U.S. Senate Republicans have attacked details in a preliminary resolution put forward by Foreign Relations Committee Chairman John Kerry (D-Mass.) last week as a step toward ratifying a new nuclear arms control treaty with Russia, Foreign Policy reported yesterday (see GSN, Aug. 17).
U.S. President Barack Obama and Russian President Dmitry Medvedev in April signed a pact to replace the 1991 Strategic Arms Reduction Treaty. The deal would obligate both nations to cap their fielded strategic nuclear weapons at 1,550 warheads, down from the maximum of 2,200 allowed each country by 2012 under the 2002 Moscow Treaty. The agreement would also limit U.S. and Russian deployed nuclear delivery vehicles to 700, with another 100 platforms allowed in reserve.
The "New START" pact has been submitted for ratification by Russia's legislature as well as the Senate. At least eight GOP senators in this Congress must vote in favor of a treaty resolution to secure its ratification in the United States.
Republican lawmakers expressed concern about the draft ratification resolution's language on topics including missile defense, nonstrategic nuclear weapons, provisions for tallying warheads and arrangements for exchanges of missile test flight data.
"There are a lot of concerns raised that the Kerry draft didn't answer," one high-level Republican staffer said.
On antimissile efforts, the draft resolution says the pact "will not impede any missile defense deployments that are currently planned or might be required during the life of the treaty, and it is therefore fully consistent with United States policy as established by the National Missile Defense Act of 1999."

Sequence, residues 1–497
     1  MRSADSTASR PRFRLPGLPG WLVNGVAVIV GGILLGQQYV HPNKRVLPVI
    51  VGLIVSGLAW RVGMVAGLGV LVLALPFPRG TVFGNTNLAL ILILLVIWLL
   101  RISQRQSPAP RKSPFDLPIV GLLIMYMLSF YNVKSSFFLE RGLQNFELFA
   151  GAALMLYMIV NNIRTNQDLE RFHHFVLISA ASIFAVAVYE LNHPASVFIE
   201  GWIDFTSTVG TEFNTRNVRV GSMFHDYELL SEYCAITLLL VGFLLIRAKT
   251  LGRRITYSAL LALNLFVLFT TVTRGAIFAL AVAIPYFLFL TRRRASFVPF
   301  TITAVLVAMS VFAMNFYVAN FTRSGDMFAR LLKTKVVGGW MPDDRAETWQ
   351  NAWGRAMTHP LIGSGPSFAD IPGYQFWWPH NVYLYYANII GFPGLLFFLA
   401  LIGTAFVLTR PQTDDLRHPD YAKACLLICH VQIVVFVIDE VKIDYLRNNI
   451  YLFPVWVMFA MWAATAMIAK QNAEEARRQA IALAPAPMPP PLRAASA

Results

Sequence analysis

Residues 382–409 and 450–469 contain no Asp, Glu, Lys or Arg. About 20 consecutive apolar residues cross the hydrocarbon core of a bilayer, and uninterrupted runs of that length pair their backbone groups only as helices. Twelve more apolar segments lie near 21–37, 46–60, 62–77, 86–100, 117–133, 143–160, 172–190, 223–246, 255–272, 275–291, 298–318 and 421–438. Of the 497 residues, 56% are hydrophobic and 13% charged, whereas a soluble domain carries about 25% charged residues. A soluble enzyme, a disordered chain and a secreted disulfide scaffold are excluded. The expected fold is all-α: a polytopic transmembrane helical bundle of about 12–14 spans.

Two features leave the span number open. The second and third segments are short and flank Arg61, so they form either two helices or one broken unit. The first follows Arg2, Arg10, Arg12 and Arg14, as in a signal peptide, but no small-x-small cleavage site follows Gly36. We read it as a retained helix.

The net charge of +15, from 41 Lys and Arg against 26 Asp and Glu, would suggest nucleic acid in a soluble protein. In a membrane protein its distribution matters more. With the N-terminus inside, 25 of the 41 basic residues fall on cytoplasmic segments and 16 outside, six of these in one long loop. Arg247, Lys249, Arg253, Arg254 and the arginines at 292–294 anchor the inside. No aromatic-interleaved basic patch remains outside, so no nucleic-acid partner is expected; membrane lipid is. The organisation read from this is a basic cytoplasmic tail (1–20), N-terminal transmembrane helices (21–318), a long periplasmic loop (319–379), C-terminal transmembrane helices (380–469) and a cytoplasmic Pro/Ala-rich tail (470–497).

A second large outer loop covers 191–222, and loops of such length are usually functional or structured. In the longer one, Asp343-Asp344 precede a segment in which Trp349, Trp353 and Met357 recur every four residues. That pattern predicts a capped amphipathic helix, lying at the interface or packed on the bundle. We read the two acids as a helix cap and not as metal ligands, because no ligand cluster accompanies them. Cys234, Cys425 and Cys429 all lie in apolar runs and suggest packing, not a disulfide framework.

"The unilateral statement issued by the Russian Federation on missile defense does not impose a legal obligation on the United States and will have no practical impact," the document adds, referring to Moscow's warning that it could withdraw from the treaty if future U.S. missile defense deployments threatened its strategic security.
Some Republican senators have lobbied for further measures, such as excluding missile defense issues from the purview of a Bilateral Consultative Commission that would resolve mediate enforcement of the arms control pact.
Sources in Kerry office said the draft resolution was intended to help kick off discussion of a final resolution's content. A letter submitted with the proposal welcomes Foreign Relations Committee lawmakers to suggest changes that could be incorporated in the final text.
"The Kerry draft was intended to be a framework to get us started," said Andy Fisher, spokesman for Senator Richard Lugar (Ind.), the committee's top Republican and a key GOP supporter of the pact. Lugar is expected on Sept. 16 to present an alternative ratification resolution aimed at garnering support from additional Republican senators.
Lugar and Kerry "are working on a resolution that will engender bipartisan support," panel spokesman Frederick Jones said. "Committee members are continuing to provide input on this resolution and this is an ongoing process. We're in the process of building consensus."
Lugar has approached some Republican colleagues to determine what a ratification resolution must include to receive their backing. The Indiana lawmaker's focus was on convincing Senators Bob Corker (R-Tenn.) and Johnny Isakson (R-Ga.) to support the treaty, despite their reservations about President Barack Obama's pledge to refurbish the nation's nuclear arsenal.
Senators James Inhofe (R-Okla.) and Jim DeMint (R-S.C.) have indicated they would oppose ratification, while the panel's other Republicans were considered tougher targets than Corker and Isakson.
Kerry and the Obama administration "want some Republicans other than Lugar," a Republican staffer said. "So, the resolution Lugar writes has to be good enough to get at least Corker."
Ahead of a Senate floor vote on a ratification text, Republicans are likely to seek direction from Senator Jon Kyl (R-Ariz.), who has been consulting with Vice President Joseph Biden on the treaty, Foreign Policy reported. Kyl has rebuffed suggestions he was "negotiating" conditions for the treaty's passage with the administration (see GSN, July 23; Josh Rogin, Foreign Policy, Sept. 7).